This is something I’ve been thinking about all through this strange springtime when, despite being home so much more than normal, we are in fact allowed to go outside, to walk all over everywhere, to enjoy the flowers in everyone else’s yards as well as our own gardens.
Twenty-one years ago, when Daniel and I had been living together for just a few years and one of my cousins had been married an even shorter time, she asked me why Daniel and I didn’t get married. We got into an email debate on the subject, and one of the things she said comes back to my mind every spring.
She thought that it was silly of me to put any effort into my unmarried relationship because I wasn’t “building anything”–that without a promise of unwavering permanence, our relationship couldn’t sustain or support me. She compared it to renting a house and putting a lot of money and work into improving it, like planting perennial flowers in the yard, which would be just obviously futile because I don’t own that yard and won’t live in that house all the rest of my life.
Well, in fact, at that point we did live in a rented house, and we had spent a lot of time and a little money planting flowers in the yard. Wasted? We were enjoying our yard very much that spring, feeling that our efforts had paid off beautifully and we’d be enjoying our flowers for years to come. Actually, some perennials had been in the yard already, planted by someone we’d never met who’d lived in that house sometime in the 80 years before we moved into it. We appreciated that gift.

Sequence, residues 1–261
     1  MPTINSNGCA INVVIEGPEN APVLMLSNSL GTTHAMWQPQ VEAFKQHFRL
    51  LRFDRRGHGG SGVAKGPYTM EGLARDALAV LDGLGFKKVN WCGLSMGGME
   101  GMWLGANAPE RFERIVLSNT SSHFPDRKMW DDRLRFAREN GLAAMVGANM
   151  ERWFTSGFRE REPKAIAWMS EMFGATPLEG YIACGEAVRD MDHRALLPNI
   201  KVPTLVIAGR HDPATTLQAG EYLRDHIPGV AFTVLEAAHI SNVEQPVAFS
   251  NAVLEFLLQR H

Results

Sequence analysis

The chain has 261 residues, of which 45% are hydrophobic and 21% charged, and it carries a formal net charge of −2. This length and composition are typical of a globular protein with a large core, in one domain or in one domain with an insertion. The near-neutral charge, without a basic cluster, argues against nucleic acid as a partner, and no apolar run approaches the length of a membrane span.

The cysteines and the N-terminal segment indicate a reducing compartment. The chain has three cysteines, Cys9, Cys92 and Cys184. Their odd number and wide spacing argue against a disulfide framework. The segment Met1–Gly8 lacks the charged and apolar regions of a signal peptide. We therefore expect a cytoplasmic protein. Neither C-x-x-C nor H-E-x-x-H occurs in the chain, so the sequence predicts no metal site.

The following spring, our landlord suddenly sold the entire cluster of houses to a developer notorious for ripping out charming old landscaping and replacing it with Legal Daisy Spacing. Daniel and I rented an apartment with a large, sunny front yard that was all just plain lawn–and a landlord who said it was okay to put in flowerbeds. We spent many hours digging–there were a lot of rocks under the lawn!–and then we dug up the flowers from our old yard and planted them in the new yard. There they grew spectacularly.
We lived in that apartment just two years before we bought the house where we live now. But those were two very eventful years, with some happy times and some big fights, some important projects and some key realizations. That place was our home in an important season of our lives.
Years later, when I walked our son to school in the morning and then walked to the bus that took me to work, one of the ways I could go was past our old apartment. Every spring, I passed by to see the tulips and daffodils and grape hyacinths come up in our old yard from those same bulbs we had planted. I admired their blooms, followed by the irises and peonies and lavender, and it didn’t bother me one bit that that lovely garden isn’t mine anymore, that I don’t know who lives there and they don’t know who planted their flowers. That’s not the point.